2018 in review: A year that sees easing of tensions
For better or for worse, 2018 is running out of time and in just a few days, a new year will herald a fresh start and a chance to make things right. But before this year becomes history, we are turning back the clock to revisit the biggest events and most notable moments that grabbed the headlines – and our attention – in the past 360-odd days. "2018 in Review" is a four-episode series about this year's news that are set to shape 2019.
It has been an extraordinary year, especially when we look back at what has been achieved. From the historic summit on the Korean Peninsula, followed by a landmark handshake in Singapore, to the demilitarized zone established in Syria, we saw what diplomacy can do. While in South Sudan, its warring leaders are trying to restore peace to the world's youngest country.
A declaration of peace was signed after Kim Jong Un, leader of the Democratic People's Republic of Korea (DPRK) met Moon Jae-in of South Korea in Panmunjom. They vowed to put an end to the Korean War and pledged to work towards denuclearization. Since then, the DPRK's nuclear site was dismantled, Korean families separated by war reunited, and Moon even made a trip to Pyongyang to boost bilateral ties.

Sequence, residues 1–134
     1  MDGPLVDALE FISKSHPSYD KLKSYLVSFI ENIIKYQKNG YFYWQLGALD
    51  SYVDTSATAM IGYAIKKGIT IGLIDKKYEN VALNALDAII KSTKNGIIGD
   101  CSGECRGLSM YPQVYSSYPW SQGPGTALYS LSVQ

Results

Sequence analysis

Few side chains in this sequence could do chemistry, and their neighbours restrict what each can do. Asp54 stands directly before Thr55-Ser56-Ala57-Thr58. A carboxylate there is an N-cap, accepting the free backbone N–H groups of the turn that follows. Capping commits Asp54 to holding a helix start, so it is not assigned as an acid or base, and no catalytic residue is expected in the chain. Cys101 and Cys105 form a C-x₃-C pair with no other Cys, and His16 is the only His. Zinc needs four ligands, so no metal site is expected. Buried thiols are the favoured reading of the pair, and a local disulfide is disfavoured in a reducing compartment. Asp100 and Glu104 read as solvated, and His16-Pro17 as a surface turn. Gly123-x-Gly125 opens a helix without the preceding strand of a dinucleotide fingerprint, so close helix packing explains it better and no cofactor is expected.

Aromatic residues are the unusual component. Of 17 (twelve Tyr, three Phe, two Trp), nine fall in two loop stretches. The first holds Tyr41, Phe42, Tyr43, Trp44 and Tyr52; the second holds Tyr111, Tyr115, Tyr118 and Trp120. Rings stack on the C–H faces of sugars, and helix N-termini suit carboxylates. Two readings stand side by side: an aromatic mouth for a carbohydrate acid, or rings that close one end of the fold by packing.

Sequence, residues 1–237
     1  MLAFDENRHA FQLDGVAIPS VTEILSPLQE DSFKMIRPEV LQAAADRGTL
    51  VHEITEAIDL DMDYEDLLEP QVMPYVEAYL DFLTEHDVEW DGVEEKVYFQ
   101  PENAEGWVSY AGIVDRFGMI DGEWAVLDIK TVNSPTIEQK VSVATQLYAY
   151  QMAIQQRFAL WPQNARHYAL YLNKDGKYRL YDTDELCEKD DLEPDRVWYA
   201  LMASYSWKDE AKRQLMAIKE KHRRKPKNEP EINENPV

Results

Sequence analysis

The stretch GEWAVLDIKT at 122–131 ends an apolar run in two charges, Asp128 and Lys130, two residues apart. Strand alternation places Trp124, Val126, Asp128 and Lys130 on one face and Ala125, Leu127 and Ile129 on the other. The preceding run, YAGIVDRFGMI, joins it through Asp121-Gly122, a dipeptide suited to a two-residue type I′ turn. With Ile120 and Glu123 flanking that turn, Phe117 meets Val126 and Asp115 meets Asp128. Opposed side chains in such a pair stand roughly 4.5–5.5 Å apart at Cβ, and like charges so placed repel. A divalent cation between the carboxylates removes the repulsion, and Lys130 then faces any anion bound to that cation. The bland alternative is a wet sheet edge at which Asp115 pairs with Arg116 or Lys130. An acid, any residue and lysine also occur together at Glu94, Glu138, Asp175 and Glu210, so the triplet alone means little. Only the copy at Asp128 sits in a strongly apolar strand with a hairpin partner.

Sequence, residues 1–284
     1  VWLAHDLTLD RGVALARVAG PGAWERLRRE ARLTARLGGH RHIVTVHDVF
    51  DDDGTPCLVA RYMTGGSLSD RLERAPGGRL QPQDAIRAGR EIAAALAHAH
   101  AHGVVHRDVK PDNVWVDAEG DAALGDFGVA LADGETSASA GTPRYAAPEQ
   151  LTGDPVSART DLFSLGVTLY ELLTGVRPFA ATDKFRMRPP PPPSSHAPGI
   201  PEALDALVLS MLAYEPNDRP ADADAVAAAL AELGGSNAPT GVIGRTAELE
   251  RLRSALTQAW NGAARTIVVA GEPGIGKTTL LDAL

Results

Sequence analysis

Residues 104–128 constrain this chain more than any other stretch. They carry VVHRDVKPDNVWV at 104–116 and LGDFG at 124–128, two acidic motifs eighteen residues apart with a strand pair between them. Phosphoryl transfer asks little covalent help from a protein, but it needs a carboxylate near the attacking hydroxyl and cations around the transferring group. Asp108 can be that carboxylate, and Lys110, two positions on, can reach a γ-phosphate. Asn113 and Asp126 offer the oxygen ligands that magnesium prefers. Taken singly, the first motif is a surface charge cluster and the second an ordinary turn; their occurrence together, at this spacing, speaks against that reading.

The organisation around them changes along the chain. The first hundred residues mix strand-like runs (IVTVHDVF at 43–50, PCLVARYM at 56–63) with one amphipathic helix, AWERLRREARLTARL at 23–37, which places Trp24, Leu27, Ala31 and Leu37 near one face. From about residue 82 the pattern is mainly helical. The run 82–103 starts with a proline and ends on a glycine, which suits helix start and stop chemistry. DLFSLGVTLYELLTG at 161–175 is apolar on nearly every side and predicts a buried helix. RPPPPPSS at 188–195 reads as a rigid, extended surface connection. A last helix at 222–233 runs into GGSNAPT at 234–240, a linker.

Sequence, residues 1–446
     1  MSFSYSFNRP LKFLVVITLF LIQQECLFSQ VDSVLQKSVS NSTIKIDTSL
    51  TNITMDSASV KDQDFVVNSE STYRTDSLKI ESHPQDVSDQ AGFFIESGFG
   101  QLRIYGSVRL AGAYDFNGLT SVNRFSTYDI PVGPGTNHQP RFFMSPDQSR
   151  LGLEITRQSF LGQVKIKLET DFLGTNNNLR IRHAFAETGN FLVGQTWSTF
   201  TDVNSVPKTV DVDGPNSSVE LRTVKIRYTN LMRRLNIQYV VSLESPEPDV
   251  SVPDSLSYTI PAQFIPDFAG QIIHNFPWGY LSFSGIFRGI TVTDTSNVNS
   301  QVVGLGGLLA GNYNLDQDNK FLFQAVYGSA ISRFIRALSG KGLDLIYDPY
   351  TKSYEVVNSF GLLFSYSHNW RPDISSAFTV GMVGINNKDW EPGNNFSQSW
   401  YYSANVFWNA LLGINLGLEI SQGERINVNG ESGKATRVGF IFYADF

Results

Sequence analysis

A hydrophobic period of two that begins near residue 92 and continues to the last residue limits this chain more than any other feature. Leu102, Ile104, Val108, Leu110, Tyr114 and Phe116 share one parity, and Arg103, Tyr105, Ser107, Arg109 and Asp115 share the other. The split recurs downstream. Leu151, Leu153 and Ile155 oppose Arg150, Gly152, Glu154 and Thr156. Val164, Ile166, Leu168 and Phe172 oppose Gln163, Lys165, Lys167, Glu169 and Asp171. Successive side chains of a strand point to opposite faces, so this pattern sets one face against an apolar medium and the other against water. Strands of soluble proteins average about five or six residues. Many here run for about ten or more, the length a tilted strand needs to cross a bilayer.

"We're prepared to start a new history and we're ready to write a new chapter between our nations," said U.S. President Donald Trump after his meeting with Kim Jong Un on June 12. The unprecedented summit between a sitting U.S. president and a DPRK leader may not have delivered a quick solution to the DPRK nuclear issue, but is clearly a significant development considering their previous exchange of threats.
In Syria, roads have been revamped and refugees have begun to return. Though the situation there is still complicated, a Russia-Turkey brokered demilitarized zone in Idlib has at least averted more confrontations and bloodshed between government forces and rebels.
In another country devastated by conflicts, President Salva Kiir of South Sudan reached a peace deal with rebel chief Riek Machar, aiming to end a brutal five-year civil war. The crisis has killed tens of thousands and forced an estimated 2.2 million South Sudanese into exile.